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, and Maria Alché and Benjamin Naishtat presenting Puan [+lee también:
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entrevista: Benjamín Naishtat y María …
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. The final film competing in this section is In His Own Image [+lee también:
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entrevista: Thierry de Peretti
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by Thierry de Peretti, which screened in Cannes’ Directors’ Fortnight.

As for Director’s Week, a selection dedicated to European cinema which looks to shine a light on emerging talent, seven films are in the offing. Firstly, there’s the Danish documentary The Mountains [+lee también:
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by Christian Einshøj, which revisits the director’s family’s trauma following the death of his brother 25 years earlier. Another family documentary comes in the form of Keeping Mum [+lee también:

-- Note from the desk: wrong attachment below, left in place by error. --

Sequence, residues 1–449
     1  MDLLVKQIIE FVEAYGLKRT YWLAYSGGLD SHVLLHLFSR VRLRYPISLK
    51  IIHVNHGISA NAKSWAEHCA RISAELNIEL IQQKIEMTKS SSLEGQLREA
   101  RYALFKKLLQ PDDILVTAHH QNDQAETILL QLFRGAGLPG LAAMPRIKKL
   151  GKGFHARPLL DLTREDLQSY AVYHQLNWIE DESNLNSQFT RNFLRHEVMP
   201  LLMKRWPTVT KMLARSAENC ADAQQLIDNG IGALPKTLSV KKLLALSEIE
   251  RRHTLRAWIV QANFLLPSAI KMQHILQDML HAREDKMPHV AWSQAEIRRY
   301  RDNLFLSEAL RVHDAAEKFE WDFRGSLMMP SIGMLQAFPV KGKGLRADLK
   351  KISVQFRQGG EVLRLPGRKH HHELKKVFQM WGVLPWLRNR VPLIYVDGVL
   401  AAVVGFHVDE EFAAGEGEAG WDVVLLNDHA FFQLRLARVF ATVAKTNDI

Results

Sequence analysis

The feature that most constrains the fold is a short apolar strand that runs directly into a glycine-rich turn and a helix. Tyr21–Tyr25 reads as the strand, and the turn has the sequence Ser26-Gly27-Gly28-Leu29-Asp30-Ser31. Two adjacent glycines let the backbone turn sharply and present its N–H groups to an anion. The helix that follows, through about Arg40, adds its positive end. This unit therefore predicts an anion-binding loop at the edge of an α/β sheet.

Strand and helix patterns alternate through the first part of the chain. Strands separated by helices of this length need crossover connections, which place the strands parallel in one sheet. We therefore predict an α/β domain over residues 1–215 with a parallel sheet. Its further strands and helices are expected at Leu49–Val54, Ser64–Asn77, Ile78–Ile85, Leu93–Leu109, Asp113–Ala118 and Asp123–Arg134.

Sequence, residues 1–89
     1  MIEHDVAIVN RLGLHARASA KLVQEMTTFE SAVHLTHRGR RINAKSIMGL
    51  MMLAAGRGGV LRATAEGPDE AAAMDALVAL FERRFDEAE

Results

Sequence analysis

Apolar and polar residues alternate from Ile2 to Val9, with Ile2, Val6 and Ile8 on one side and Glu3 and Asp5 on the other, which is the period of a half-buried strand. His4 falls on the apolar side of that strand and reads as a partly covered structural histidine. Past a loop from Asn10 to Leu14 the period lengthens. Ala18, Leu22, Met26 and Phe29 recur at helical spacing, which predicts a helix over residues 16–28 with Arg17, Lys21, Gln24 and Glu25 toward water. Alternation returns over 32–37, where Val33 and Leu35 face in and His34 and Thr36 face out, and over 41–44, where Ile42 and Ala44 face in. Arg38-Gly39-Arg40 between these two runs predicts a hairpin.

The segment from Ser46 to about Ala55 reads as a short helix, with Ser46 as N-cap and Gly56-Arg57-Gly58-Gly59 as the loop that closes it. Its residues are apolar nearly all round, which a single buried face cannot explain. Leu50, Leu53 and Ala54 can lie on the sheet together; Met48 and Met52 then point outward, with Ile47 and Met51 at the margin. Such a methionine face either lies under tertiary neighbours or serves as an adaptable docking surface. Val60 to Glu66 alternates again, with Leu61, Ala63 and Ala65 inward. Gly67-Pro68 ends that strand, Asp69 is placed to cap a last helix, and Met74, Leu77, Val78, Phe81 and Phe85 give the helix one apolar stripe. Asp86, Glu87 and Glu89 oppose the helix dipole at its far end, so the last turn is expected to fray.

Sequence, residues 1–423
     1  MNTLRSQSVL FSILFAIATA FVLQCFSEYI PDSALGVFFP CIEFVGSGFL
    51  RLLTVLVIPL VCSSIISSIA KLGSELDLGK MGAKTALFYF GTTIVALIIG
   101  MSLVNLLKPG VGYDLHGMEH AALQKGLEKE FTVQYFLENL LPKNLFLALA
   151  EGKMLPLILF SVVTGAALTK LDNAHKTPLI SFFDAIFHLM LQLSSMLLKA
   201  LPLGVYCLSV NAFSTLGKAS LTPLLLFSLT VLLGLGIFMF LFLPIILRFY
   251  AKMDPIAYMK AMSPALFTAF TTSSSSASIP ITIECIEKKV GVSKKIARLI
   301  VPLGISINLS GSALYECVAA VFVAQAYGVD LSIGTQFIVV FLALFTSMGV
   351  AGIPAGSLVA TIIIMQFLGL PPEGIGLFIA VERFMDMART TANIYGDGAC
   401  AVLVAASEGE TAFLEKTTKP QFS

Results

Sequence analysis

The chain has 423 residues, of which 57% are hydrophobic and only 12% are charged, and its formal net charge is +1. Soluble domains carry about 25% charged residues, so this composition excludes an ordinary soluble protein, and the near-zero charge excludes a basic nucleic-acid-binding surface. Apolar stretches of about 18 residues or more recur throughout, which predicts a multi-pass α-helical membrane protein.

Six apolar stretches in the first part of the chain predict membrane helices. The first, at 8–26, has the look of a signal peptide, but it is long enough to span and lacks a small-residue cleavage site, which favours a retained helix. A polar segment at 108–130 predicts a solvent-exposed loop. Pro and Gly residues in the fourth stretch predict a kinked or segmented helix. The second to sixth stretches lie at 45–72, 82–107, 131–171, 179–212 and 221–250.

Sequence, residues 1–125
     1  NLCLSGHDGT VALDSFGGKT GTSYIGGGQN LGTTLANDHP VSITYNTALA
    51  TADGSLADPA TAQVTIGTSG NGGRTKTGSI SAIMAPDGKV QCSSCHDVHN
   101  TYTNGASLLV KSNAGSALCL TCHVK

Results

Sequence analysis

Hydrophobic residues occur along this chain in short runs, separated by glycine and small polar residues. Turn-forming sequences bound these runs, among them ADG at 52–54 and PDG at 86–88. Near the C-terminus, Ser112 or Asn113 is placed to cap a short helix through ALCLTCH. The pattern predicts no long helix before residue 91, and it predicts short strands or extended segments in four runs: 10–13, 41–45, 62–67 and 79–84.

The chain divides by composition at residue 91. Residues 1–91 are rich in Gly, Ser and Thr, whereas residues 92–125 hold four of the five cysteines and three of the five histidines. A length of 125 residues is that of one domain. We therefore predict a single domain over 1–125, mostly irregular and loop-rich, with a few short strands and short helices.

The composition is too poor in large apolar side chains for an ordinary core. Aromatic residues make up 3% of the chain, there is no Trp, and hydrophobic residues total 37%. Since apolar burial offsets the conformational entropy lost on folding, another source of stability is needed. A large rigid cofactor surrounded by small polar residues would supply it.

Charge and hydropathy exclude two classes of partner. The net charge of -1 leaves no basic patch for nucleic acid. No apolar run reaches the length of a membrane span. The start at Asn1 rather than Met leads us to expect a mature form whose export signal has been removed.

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entrevista: Emilie Brisavoine
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by Emilie Brisavoine, exploring wounds which time has failed to heal. Fiction films likewise jostle on the agenda, namely The Permanent Picture [+lee también:
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entrevista: Laura Ferrés
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by Spanish director Laura Ferrés, and family forms the focus once again in Je’vida [+lee también:
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by Finland’s Katia Gauriloff, homing in on the coming together of an aunt and niece. There’s also the Hispanic-Italian co-production Animal/Humano [+lee también:
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entrevista: Alessandro Pugno
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by Alessandro Pugno, and a third documentary entitled Riverboom by Swiss director Claude Baechtold, which looks back on the filmmaker’s experience as a young journalist who landed in Afghanistan the day after 11 September. A different tone is struck by the last film on the agenda of this particular line-up, Plastic Guns [+lee también:
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entrevista: Jean-Christophe Meurisse